For some of us, our kind of adventure is taking a trip to the local store and choosing a tub of ice cream that isn’t the one we’d normally choose – because we sure do like to take risks. But there are some other people who crave the wild outdoors and want to explore unknown terrain. Before the days of air travel and Google Maps, these explorers had to travel unknown lands and encounter new languages in search of their adventure. Want to know more? Check out these famous world explorers and get some inspiration.
Believe it or not, Marco Polo is not just a game that you play in the swimming pool. Marco Polo was an Italian explorer born in 1254 who set off on his expedition to explore Asia in 1271. Polo’s exploration introduced Europeans to the many nations of China and the rest of Asia, which was at the time relatively unknown. Throughout his journey, Polo traversed nearly 15,000 miles of land and sea, and passed through India, China, and Japan, documenting his whole journey along the way. Polo’s discoveries opened up trade links between Europe and Asia, which was further improved by Polo’s friendship with Kublai Khan, who was the Khan of the Mongol Empire.
Christopher Columbus is one of the most famous and well-known explorers of all time, but he is often remembered for the wrong reason. Many people believe that Columbus was the first person in history to discover America. Unfortunately, this is not true. However, he did play an integral part in confirming the location and landscape of America, as well as providing other explorers with the most efficient routes and passages across the ocean to get to America. Columbus was born in 1451 and embarked on four important voyages through his lifetime, including visits to San Salvador (which he believed to be Asia at the time), and to the islands of Dominica, Jamaica and Guadeloupe. On his third voyage, he intended to reach China but found Grenada, Trinidad and Tobago and Margarita. On his fourth voyage, he finally found America.
James Cook, often referred to as Captain Cook was a famous Royal Navy Captain, navigator, and explorer whose expeditions were legendary. The British explorer began his career working as a captain in the Royal Navy, before leaving the service and embarking on his own missions. Like Columbus, Cook undertook multiple voyages. During the first voyage, Cook ended up near Australia, where he found indigenous tribes and the Great Barrier Reef. For his second voyage, Cook became the first explorer in history to cross the Antarctic circle, placing him in the history books. On his third voyage, Cook became the first European explorer to find the Hawaiian Islands. After exploring America for a while, Cook returned to Hawaii, where he was then murdered.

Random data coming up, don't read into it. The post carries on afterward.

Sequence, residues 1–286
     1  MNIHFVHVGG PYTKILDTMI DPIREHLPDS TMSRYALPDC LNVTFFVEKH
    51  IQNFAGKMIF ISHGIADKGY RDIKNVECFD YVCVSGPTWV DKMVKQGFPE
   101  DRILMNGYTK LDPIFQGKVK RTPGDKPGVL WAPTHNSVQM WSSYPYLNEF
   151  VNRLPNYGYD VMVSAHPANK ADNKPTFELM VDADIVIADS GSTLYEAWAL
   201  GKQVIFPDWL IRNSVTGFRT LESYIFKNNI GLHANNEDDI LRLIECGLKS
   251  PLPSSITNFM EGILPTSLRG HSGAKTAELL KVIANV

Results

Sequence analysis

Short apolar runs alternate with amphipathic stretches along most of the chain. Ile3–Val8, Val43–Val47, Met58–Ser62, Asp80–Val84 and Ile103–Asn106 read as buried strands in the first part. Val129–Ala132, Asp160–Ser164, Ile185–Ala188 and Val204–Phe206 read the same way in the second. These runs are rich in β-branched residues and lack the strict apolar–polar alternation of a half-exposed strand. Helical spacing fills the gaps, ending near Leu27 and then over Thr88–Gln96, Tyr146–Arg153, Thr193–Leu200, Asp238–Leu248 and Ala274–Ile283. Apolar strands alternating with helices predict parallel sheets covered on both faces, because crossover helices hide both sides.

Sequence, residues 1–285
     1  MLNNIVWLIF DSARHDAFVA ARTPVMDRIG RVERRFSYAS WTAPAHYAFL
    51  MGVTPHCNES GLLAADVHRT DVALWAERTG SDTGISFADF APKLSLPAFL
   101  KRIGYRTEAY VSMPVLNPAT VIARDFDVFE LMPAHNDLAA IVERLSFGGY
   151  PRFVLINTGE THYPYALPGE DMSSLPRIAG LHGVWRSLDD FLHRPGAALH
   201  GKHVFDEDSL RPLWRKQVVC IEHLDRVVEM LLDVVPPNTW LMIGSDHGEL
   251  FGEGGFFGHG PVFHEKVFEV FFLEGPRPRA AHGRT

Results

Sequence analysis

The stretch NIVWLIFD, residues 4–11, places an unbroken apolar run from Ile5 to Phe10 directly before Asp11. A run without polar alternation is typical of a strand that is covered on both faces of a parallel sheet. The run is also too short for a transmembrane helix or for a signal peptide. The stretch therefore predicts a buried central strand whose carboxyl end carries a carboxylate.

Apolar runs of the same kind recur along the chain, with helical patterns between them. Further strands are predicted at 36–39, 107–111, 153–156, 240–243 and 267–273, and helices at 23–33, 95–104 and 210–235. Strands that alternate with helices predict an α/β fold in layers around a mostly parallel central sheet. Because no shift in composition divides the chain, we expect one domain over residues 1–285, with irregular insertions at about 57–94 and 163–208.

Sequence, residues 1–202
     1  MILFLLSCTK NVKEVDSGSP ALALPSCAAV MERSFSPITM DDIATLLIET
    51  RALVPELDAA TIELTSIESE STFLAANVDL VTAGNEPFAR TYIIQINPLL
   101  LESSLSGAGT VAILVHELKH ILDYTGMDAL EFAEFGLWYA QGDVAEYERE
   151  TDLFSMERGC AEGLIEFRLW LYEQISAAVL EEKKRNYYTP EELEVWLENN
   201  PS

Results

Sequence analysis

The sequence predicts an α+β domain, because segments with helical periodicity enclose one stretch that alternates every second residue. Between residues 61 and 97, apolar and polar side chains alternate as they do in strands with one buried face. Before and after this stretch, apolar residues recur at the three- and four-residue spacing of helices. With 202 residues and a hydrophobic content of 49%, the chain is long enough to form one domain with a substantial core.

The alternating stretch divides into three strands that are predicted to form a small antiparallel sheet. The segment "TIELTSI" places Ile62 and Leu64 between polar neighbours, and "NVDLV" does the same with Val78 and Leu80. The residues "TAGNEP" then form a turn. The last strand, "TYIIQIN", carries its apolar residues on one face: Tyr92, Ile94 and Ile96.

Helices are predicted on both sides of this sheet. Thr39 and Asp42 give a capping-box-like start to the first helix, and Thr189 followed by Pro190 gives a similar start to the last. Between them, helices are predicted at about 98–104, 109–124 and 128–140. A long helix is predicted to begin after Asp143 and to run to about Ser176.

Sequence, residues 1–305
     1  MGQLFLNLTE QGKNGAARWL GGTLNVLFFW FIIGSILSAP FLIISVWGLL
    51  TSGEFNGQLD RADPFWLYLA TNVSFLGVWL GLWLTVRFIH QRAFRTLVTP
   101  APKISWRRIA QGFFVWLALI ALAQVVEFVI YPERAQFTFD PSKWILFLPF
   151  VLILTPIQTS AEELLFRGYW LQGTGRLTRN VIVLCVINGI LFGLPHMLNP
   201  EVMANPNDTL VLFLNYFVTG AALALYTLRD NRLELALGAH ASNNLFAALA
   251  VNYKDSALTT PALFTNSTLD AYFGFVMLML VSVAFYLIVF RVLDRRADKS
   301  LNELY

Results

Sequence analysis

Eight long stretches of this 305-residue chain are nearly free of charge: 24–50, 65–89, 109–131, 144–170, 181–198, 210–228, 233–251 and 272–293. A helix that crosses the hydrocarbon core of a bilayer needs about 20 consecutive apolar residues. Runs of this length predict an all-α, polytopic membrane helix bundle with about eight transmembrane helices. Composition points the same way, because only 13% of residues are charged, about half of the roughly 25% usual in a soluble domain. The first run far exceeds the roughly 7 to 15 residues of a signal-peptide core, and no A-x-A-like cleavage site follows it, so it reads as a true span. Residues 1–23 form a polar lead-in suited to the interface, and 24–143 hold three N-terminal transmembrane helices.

Ferdinand Magellan has a pretty impressive title under his name, for he was the first person to undertake a circumnavigation expedition across the world. Born in 1480, this Portuguese explorer began his sailing career as part of a larger Portuguese fleet and expedition that intended to explore East Africa. But as he got older, Magellan wanted to helm his own crew – which he did in 1519. With his own fleet, Magellan circumnavigated the globe but unfortunately perished while traveling through an area in the Philippines. Magellan was also responsible for the naming of the Pacific Ocean.
We have Norwegian explorer, Roald Amundsen to thank for the discovery of the South Pole. Amundsen, who was born in 1872 was specifically a polar explorer, who aimed to explore and discover areas which had yet to be determined. In 1911, Roald led an expedition to the South Pole, making him the first person in history to reach the point. Fifteen years after this achievement, Roald then traveled to the North Pole and became the first man to stand on both points of the Earth.
Are you a budding explorer? Let’s see if your name will go down in the history books, too…